“Grace: Don’t Leave Home Without It.”
2 Corinthians 8:1-7
The other day I left my office at the church and went downstairs to the first floor to get a Diet Coke. I was sleepy and hot, so I thought a cold caffeinated drink would be perfect. I put my 50 cents into the machine (which you must admit is a god price for a Coke these days) only to have the quarters come right back out. I tried again and again with no luck.
At this point, an interesting thought crossed my mind. You must know that I was extremely disappointed that I could not get a drink so the thought crossed my mind, “This machine is the only think in the church that won’t take your money.”
I know that was a harsh statement that is actually untrue, but often time’s people see the church as existing to take our money and to make us feel guilty for not giving enough. This week we are beginning our stewardship campaign and will be studying three passages in 2 Corinthians about the offering Paul was asking the Corinthians to be a part of.
I want to be upfront and clear about something. I understand that there are lots of people who are having financial hardships right now. I have talked to some of you who are really struggling to pay the bills and to fulfill your church pledge from last year. I am not here to make you feel even worse about your finances. I am not here to simply tell you to give more money to the church. I want to spend the next three weeks talking about our motivation for giving. I want us to understand why Paul felt the Corinthians should give and why God thinks we should give. I hope you will understand that giving is not about how much is in your wallet, but what is in your heart.
Before I read the first passage that we are going to study, I need to give you some background about Paul and his dealings with the Corinthians. In our Bibles, we have two letters written to the Corinthians. We also know that Paul helped establish the church there and spent quite a lot of time in Corinth. Paul wrote 1 Corinthians in response to a letter that he had received from Chloe’s household in order to address some problems that has come up after his departure. Some scholars believe there is a missing letter written to the Corinthians that we no longer have. Other scholars believe the missing letter is actually 2 Corinthians 10-13.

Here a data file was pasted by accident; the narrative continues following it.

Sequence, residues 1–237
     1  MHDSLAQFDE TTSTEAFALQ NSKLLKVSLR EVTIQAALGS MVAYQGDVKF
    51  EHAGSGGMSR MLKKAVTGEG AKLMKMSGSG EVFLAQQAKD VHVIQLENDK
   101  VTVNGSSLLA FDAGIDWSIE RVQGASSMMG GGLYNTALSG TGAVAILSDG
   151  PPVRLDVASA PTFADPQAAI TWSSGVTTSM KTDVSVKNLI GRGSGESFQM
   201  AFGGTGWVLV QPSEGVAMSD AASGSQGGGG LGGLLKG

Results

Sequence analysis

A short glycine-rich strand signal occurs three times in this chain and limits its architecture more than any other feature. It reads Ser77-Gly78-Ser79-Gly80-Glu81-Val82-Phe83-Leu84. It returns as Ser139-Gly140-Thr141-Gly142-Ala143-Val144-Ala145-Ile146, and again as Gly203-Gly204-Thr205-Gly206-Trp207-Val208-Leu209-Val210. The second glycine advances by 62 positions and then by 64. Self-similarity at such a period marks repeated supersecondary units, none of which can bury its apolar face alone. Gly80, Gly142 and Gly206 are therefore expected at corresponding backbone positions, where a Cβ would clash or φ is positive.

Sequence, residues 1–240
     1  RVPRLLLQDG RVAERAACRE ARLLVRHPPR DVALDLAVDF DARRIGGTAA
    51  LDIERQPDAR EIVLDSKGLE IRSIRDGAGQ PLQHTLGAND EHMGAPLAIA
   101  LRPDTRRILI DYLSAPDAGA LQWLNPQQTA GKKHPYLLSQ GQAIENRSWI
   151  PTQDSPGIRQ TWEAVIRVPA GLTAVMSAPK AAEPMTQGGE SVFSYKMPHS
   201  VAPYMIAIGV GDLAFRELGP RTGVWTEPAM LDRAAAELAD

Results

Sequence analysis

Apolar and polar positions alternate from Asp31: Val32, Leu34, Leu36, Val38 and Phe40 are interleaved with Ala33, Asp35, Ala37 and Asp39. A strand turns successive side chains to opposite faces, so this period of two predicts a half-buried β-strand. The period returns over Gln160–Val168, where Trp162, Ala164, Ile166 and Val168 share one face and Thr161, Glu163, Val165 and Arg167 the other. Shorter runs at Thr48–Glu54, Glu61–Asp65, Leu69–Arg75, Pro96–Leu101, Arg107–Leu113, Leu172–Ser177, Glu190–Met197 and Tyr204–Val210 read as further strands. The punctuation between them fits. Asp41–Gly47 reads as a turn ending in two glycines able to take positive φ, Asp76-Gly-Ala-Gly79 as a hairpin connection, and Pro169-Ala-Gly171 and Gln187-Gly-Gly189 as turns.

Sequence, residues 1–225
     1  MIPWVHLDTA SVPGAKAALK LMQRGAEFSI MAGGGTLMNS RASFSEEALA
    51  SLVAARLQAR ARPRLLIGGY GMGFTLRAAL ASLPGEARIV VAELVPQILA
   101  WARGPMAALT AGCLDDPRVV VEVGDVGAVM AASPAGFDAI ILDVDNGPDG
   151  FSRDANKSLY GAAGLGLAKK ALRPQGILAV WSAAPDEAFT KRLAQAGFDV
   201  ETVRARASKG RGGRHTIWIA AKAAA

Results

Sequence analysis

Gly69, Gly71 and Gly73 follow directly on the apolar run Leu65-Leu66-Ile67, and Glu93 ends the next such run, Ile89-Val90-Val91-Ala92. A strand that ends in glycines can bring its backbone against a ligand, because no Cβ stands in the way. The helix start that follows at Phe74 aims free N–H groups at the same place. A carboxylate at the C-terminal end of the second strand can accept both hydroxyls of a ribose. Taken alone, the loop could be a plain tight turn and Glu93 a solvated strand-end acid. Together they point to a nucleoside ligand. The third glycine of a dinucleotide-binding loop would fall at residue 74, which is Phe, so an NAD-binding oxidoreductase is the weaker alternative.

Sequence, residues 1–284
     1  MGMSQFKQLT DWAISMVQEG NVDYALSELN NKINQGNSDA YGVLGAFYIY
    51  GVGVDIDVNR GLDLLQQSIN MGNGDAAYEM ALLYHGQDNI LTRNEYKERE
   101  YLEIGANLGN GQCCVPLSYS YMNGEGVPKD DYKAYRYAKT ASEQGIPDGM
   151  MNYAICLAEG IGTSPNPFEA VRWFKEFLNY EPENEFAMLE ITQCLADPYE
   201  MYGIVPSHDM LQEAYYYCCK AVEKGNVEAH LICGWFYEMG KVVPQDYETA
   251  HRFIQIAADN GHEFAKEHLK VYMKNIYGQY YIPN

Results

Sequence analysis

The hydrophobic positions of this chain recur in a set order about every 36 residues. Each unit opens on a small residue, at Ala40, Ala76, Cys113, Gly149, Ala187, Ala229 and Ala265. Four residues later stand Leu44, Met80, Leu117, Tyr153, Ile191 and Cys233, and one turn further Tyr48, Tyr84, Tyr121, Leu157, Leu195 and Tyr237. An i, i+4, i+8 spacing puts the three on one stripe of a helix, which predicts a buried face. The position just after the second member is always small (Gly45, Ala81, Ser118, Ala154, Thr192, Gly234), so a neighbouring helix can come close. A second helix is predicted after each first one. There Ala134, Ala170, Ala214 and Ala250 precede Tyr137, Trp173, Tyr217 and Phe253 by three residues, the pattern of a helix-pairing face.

In this missing letter, the Corinthians took offense to Paul for several reasons. First, they felt that he hid behind his words. In other words, they believed that he was unfair in his letter and that he refused to show up in person to defend his letter. Secondly, and most important for our purposes, Paul did not take any money from the Corinthians for himself. He did take up money for himself from other churches in Macedonia, which made the Corinthians very upset. Paul did however; take up a collection from all the churches, including Corinth, for the struggling churches in Jerusalem. He ahs asked the churches to take up a collection when they would meet and then one of Paul’s helpers would come and collect it. This was probably Titus.
In 2 Corinthians 8, Paul begins to encourage the Corinthians, who are mad at him, to continue to give for the churches in Jerusalem. It could be that the Corinthians, in their anger, stopped giving or they could have just grown weary and uninterested in the project and stopped giving. Here is what Paul says,
And now, brothers and sisters, we want you to know about the grace that God has given the Macedonian churches. In the midst of a very severe trial, their overflowing joy and their extreme poverty welled up in rich generosity. For I testify that they gave as much as they were able, and even beyond their ability. Entirely on their own, they urgently pleaded with us for the privilege (grace) of sharing in this service to the Lord's people. And they went beyond our expectations; having given themselves first of all to the Lord, they gave themselves by the will of God also to us. So we urged Titus, just as he had earlier made a beginning, to bring also to completion this act of grace on your part. But since you excel in everything—in faith, in speech, in knowledge, in complete earnestness and in the love we have kindled in you —see that you also excel in this grace of giving.
You will probably notice from the outset, that Paul begins his plea for the Corinthians to give by using the example of who… the Macedonian Churches. The Macedonian churches would have been Thessalonica and Philippi which which was north of Corinth. There were already some hard feelings between Corinth and these churches over Paul, but Paul uses them as examples anyway.